Maybe I just succumbed to nostalgia. Founded in 1862 and located next to Yale, the Whitney has spectacular collections on New Haven’s history but has made few concessions to modernity.
There are no high glass walls. There are no computers. Information on the collection’s holdings remains in card catalogs—which are cabinets, I guess I should explain for those of you not as old as I am, generally considered obsolete in the digital age, containing long, wooden drawers full of index cards filed by subject, author and title that refer a researcher to a book, manuscript or map’s location in a library.
I didn’t realize how much I’d miss card catalogs until they were gone: the feeling of the paper cards, evocative of old papyrus, the historical treasures one up against another, the accidental discoveries. I know it’s a little pathetic, but at the Whitney Library I felt as if I had found a long lost friend.
And then, when I asked how to find a copy of a New Haven newspaper from 1874, the reference librarian did not send me to a digital collection. She didn’t even send me to a dark room filled with microfilm or microfiche readers: she brought me the original newspapers, swaddled in wax paper.
I nearly fainted with joy.
George N. Ives, New Haven & the History of North Carolina’s Fishing Trade
The reference librarian was the key to my exhilarating experience at the Whitney Library. Frances Skelton asked me how she could assist me as soon as I walked into the reading room.
Having worked at the Whitney for more than 25 years, Ms. Skelton knew the collections inside out, and she immediately made herself a partner in my historical research.
I told her that I was interested in George N. Ives, an oyster keg, pail and barrel manufacturer who left Fairhaven, Conn., in the 1870s and became the most important pioneer in the oyster and seafood business on the central coast of North Carolina in the late 19th century.
I was also interested in Fairhaven. Now only one of New Haven’s gritty waterfront neighborhoods, Fairhaven was the most important oyster port on Long Island Sound for most of the 19th century and was one of the largest oyster ports in the U.S., second only to Baltimore.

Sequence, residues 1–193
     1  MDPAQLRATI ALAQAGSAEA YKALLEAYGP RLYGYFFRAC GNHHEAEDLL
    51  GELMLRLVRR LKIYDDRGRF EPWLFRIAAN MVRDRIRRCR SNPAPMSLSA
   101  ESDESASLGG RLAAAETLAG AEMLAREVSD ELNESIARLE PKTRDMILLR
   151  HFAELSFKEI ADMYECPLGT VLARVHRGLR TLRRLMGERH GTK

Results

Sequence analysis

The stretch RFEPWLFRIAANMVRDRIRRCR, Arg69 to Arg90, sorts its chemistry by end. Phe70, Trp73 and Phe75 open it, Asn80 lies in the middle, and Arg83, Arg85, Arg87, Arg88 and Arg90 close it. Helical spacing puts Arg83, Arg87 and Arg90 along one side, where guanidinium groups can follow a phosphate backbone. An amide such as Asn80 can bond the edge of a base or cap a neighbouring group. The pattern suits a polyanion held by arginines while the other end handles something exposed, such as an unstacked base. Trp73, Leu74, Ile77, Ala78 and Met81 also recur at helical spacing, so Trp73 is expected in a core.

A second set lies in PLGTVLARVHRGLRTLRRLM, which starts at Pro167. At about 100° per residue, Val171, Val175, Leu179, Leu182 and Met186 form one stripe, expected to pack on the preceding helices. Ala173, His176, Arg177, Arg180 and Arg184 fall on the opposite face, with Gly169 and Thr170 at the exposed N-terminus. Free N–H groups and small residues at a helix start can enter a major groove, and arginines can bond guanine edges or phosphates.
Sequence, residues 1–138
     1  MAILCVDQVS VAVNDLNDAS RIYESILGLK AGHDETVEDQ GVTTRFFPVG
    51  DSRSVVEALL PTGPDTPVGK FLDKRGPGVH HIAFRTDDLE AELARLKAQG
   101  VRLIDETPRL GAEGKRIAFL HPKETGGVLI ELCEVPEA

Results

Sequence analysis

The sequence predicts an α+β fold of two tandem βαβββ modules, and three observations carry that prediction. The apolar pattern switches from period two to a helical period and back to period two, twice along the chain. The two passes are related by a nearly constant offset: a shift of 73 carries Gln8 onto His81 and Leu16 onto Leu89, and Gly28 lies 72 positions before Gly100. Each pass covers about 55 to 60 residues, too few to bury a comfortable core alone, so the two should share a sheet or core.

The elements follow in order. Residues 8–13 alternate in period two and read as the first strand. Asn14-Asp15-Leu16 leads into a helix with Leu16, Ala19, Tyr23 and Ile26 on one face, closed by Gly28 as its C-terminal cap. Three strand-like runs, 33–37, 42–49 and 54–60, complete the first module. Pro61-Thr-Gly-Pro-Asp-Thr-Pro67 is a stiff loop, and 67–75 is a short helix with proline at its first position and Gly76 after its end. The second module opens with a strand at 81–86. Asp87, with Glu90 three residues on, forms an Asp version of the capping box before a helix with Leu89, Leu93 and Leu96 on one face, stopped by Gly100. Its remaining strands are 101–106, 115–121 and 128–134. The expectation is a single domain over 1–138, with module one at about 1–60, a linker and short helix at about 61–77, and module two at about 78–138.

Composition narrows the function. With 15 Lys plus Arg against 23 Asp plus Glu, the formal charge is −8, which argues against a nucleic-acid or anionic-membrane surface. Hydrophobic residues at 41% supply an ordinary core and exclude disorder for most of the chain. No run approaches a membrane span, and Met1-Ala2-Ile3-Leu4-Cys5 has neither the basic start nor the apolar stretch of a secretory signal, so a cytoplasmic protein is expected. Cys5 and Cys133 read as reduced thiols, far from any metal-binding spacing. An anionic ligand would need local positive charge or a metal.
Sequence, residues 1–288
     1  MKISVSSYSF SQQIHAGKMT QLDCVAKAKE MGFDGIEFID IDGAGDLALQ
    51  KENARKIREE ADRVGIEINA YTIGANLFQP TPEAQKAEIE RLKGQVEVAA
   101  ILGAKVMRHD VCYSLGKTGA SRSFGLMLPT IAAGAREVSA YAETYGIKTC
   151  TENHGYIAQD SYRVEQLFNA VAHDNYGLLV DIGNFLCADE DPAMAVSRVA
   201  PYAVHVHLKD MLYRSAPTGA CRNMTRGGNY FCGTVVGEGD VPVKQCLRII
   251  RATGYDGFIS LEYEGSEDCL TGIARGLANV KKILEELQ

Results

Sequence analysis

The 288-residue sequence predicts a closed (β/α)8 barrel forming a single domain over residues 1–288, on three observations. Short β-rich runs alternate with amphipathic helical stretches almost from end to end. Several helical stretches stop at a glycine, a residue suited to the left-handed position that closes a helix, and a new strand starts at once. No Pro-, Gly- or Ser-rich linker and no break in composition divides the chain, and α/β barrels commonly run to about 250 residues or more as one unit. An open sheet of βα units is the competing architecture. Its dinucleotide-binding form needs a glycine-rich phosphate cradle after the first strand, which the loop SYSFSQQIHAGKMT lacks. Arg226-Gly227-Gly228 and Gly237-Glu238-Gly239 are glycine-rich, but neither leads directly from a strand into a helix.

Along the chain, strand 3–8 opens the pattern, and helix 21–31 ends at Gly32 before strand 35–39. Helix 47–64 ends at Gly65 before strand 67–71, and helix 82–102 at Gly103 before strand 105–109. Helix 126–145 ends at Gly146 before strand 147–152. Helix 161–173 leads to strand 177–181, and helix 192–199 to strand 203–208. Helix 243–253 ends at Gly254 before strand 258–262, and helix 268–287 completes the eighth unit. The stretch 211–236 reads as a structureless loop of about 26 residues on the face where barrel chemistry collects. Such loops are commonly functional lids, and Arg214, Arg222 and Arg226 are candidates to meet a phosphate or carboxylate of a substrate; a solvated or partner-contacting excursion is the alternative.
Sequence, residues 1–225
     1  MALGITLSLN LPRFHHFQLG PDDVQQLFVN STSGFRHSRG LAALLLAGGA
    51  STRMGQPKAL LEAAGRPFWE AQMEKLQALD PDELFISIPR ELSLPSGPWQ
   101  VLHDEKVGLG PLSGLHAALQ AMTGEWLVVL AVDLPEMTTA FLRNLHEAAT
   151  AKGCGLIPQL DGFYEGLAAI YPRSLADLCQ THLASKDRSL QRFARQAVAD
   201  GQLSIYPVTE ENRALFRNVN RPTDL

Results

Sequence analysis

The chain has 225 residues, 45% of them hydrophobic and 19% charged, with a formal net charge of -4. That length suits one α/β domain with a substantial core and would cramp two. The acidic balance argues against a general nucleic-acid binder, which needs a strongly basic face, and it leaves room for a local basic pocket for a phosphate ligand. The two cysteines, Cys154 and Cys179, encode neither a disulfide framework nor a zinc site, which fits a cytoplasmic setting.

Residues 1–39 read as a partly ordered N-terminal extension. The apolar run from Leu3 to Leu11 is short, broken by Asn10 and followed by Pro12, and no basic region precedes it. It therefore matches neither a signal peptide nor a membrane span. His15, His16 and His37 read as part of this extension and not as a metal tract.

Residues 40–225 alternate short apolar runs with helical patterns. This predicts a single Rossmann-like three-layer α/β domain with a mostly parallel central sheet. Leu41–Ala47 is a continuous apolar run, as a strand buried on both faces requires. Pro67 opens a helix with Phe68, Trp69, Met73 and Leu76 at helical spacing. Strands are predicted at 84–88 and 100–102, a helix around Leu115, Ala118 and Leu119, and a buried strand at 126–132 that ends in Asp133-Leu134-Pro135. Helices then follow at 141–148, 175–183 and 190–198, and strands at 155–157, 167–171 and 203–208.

I wanted to learn more about George Ives and Fairhaven’s oyster industry because they had a significant impact on the rise of the oyster industry on the North Carolina coast.
Ms. Skelton was not familiar with George Ives, but she asked me several questions about my research and then turned and disappeared into the library’s closed shelves and vault.
She soon returned with business directories and city yearbooks from the 1860s and ‘70s.
She also brought a fantastic 1868 map of the old port. I quickly found the location of Ives’ factory at the south end of Pearl Street, in a district of oyster canneries, shipyards, limekilns and oyster barrel and keg factories on the Quinnipiac River.
In one of the city yearbooks, I found records of the fire that destroyed the Kellogg & Ives’ factory on March, 11, 1874. The fire burned the factory to the ground and damaged two adjacent properties, A. Thomas & Co. and the home of a Mrs. Julia Mallory.
The fire was listed as “supposed incendiary.” From newspaper accounts I had seen years ago at the New Bedford Free Public Library, I knew that Ives had been charged with arson.
What happened to Ives in court, if he went to court, and how he ended up in North Carolina a few months later, is still a mystery to me.
Ms. Skelton asked me more questions about Ives and Fairhaven, then turned and again went into the vault.
This time she brought me a local woman’s reminiscences of Fairhaven in the late 19th century.